Dans ce contexte, il apparaît opportun de s’interroger sur une possible amélioration des liens entre projets de transferts monétaires d’urgence et programmes nationaux de transferts sociaux (monétaires) en vue du renforcement de la résilience des populations au Sahel. Ainsi, faisant écho à une récente étude de cas commissionnée par le CaLP sur les possibilités d’utilisation des programmes nationaux de transferts sociaux pour répondre aux crises humanitaires, la question soulevée ici est la suivante :
Dans quelle mesure est-il possible et souhaitable d’utiliser les programmes nationaux de transferts sociaux pour fournir une assistance humanitaire aux populations du Sahel ?
Afin d’apporter des éléments de réponse à cette question, le CaLP, l’UNICEF et la Commission européenne se sont associés pour organiser, avec le soutien financier de l’OFDA, un premier atelier d’échange régional sur le sujet. En réunissant une cinquantaine d’acteurs d’horizons divers (acteurs humanitaires, de développement, étatiques, du secteur privé) impliqués dans les politiques et programmes de transferts monétaires, l’atelier visait à porter un regard croisé sur la problématique et à établir un diagnostic commun. Établir un tel diagnostic doit permettre de poser les bases de l'élaboration, par la suite, d'un programme régional de recherche et d'action autour des relations entre systèmes de protection sociale et réponses humanitaires dans le Sahel.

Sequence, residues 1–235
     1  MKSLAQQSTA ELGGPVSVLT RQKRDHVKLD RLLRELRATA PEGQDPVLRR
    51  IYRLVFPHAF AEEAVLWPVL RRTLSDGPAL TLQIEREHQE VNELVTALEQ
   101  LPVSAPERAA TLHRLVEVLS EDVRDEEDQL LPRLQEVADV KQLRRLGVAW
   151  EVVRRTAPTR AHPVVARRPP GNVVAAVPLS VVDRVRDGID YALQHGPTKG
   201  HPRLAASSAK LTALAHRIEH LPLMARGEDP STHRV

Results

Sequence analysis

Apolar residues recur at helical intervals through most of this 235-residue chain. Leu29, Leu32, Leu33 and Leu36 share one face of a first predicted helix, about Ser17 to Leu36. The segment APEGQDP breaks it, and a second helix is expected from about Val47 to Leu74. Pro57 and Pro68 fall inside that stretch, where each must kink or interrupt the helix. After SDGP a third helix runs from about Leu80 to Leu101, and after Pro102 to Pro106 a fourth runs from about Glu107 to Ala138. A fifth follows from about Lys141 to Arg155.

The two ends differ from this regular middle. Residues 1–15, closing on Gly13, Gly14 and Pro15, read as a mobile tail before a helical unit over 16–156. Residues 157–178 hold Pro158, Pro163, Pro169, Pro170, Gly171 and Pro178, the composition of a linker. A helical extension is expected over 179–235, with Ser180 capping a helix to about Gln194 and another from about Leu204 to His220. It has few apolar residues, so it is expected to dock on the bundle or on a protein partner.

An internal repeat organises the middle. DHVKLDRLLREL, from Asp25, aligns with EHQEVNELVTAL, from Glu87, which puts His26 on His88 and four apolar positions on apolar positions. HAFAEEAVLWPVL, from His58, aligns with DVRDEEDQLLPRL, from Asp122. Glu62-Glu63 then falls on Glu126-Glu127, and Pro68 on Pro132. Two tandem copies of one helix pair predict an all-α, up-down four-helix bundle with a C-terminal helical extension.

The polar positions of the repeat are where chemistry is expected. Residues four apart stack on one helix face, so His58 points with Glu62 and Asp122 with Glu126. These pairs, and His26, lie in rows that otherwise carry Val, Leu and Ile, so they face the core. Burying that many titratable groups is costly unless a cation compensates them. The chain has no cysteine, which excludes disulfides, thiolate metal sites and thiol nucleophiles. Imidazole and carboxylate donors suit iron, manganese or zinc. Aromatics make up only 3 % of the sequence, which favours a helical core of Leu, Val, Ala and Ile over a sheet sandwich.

Le présent document de discussion est inspiré des échanges qui ont eu lieu au cours de l’atelier. Il vise à étendre la discussion à d’autres acteurs de la région, ainsi qu’à d’autres régions confrontées au même questionnement. Il propose une première approche de la problématique, présente quelques conclusions issues de l’atelier, et suggère plusieurs pistes d’action. Son but est avant tout de susciter réactions et réflexions. La problématique est vaste et cette première initiative vise à enclencher un processus à plus long terme de dialogue et d’échanges entre acteurs humanitaires, acteurs étatiques et autres instances autour de cette question.